Top California Court Overturns Death Penalty Of Scott Peterson, Who Murdered Pregnant Wife In 2002

by davidscott

Madeline Sponlser, FISM News

Scott Peterson, the California man convicted of murdering his wife and unborn son during a 2004 trial, won a reversal of his death penalty on Monday after the state’s top court ruled that the trial judge had erred in jury selection.

But the California Supreme Court rejected an appeal by Peterson, 47, of his conviction on two counts of murder in the high-profile case. The ruling means that Peterson, who has been held on death row at San Quentin State prison since 2005, has the right to a new penalty phase of his trial. California has not executed a condemned inmate since 2006.

Peterson’s pregnant wife, Laci, was reported missing from the couple’s home in Modesto, California, on Christmas Eve, 2002, touching off a months-long search and investigation. Her partial remains and those of her unborn son washed ashore along the San Francisco Bay the following April.

Peterson, a fertilizer dealer who told police he had gone fishing in the bay that morning and returned to find his 27-year-old wife gone, was arrested for the murders days later.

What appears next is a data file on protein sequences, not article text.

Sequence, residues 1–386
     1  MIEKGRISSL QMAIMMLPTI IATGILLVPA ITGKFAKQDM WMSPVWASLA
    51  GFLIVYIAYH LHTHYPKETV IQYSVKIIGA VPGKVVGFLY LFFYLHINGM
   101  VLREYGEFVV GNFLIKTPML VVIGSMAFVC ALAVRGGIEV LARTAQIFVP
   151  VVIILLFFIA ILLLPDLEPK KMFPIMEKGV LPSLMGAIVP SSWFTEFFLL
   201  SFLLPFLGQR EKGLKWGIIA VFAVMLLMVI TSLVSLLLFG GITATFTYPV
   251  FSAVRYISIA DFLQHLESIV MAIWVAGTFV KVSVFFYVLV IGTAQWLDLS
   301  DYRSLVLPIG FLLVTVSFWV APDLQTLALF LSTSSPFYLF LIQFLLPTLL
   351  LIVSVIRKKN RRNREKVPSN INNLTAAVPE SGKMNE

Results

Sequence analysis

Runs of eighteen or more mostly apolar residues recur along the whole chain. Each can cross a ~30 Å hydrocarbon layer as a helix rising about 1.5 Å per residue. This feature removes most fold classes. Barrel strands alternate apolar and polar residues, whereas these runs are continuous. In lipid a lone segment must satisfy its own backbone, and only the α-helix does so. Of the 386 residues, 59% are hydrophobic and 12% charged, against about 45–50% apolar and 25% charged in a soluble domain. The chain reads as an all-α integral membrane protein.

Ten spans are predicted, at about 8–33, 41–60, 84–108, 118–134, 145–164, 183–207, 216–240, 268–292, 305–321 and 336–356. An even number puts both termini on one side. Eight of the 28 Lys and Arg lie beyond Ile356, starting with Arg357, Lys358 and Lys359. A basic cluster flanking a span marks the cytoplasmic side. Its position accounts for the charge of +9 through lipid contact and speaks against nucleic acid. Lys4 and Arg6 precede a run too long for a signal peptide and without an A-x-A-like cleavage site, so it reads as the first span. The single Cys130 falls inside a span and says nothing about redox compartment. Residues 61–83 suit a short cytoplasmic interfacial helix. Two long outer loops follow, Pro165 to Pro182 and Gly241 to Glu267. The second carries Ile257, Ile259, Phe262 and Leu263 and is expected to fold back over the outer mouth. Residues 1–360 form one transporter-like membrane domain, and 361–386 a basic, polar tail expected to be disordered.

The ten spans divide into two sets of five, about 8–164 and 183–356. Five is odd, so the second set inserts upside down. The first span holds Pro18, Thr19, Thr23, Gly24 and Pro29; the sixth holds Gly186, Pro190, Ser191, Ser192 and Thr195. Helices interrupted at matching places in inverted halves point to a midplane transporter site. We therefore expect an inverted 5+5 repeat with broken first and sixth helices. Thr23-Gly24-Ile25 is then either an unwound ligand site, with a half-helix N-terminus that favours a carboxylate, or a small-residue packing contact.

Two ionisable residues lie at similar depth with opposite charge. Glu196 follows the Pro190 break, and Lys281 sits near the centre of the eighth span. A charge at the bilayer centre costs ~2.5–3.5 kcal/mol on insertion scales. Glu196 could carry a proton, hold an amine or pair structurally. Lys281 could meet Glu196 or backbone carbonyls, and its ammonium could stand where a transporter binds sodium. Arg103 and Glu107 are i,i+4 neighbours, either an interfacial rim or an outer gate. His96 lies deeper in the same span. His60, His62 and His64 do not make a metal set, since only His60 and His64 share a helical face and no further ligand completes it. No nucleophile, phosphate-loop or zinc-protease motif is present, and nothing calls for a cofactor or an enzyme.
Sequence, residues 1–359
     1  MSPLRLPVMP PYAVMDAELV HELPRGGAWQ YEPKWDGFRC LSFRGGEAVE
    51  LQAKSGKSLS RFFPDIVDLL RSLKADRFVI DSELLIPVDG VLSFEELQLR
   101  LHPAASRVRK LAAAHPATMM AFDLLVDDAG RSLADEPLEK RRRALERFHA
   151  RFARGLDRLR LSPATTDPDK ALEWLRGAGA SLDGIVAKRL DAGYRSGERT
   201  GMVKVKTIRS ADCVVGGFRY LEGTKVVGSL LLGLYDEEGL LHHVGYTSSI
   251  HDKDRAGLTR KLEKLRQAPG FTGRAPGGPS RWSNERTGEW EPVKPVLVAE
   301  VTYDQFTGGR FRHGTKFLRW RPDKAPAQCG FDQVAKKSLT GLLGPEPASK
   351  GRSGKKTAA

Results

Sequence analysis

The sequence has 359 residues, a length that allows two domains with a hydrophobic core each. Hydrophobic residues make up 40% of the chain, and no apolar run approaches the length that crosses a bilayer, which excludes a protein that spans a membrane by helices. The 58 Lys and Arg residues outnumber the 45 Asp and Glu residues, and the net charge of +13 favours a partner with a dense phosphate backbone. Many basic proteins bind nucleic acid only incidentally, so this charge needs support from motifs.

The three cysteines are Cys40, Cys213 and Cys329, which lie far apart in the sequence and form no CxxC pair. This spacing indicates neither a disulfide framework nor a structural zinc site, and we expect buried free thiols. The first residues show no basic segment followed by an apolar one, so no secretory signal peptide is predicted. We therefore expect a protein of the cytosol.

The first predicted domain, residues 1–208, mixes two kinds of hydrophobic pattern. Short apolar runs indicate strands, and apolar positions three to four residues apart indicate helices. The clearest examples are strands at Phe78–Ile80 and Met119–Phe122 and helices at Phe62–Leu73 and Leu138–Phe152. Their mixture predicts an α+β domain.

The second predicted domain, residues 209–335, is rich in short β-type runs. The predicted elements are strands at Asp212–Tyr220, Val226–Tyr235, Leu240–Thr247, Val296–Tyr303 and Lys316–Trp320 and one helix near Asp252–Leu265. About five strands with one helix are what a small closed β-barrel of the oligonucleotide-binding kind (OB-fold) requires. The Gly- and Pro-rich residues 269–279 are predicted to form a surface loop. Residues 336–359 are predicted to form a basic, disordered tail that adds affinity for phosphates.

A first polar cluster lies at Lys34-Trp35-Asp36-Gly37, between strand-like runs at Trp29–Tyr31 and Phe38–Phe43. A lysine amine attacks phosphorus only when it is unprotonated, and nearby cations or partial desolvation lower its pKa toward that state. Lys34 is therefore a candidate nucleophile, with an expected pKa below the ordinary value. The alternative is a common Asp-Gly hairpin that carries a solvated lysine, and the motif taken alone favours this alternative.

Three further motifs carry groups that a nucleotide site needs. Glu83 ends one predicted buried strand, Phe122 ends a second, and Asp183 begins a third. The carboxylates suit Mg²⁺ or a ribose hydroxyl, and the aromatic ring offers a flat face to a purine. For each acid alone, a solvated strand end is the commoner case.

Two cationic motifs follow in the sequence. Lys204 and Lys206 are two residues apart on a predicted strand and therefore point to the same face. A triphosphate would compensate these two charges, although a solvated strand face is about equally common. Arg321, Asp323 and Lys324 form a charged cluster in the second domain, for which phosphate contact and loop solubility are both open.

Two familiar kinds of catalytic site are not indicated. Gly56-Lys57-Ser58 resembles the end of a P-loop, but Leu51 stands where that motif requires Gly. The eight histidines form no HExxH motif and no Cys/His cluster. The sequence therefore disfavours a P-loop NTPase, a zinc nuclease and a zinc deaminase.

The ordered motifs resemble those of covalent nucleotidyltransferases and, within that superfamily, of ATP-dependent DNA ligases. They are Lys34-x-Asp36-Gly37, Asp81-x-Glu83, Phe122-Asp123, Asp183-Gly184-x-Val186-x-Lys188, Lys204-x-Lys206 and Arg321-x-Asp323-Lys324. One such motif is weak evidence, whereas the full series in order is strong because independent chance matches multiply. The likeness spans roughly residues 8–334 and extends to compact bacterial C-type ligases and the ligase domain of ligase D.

Prosecutors argued at trial that Peterson had strangled or suffocated his wife on Dec. 23 or 24 and dumped her body into the bay, weighted down by an improvised concrete anchor.

A spokesman for the Stanislaus County District Attorney’s Office, which handled the case, said its prosecutors were reviewing the decision and speaking to victims’ family members before deciding how to proceed.

The California Supreme Court threw out Peterson’s death sentence on the grounds that the San Mateo County Superior Court judge presiding over Peterson’s trial wrongly dismissed 13 potential jurors because, in filling out an initial questionnaire, they expressed opposition to the death penalty.

“Long-standing United States Supreme Court precedent makes clear that prospective jurors may not be disqualified from service in a capital case solely because of their general objections to the death penalty,” Justice Leondra Kruger wrote for the state’s top court.

 

Sourced from Reuters

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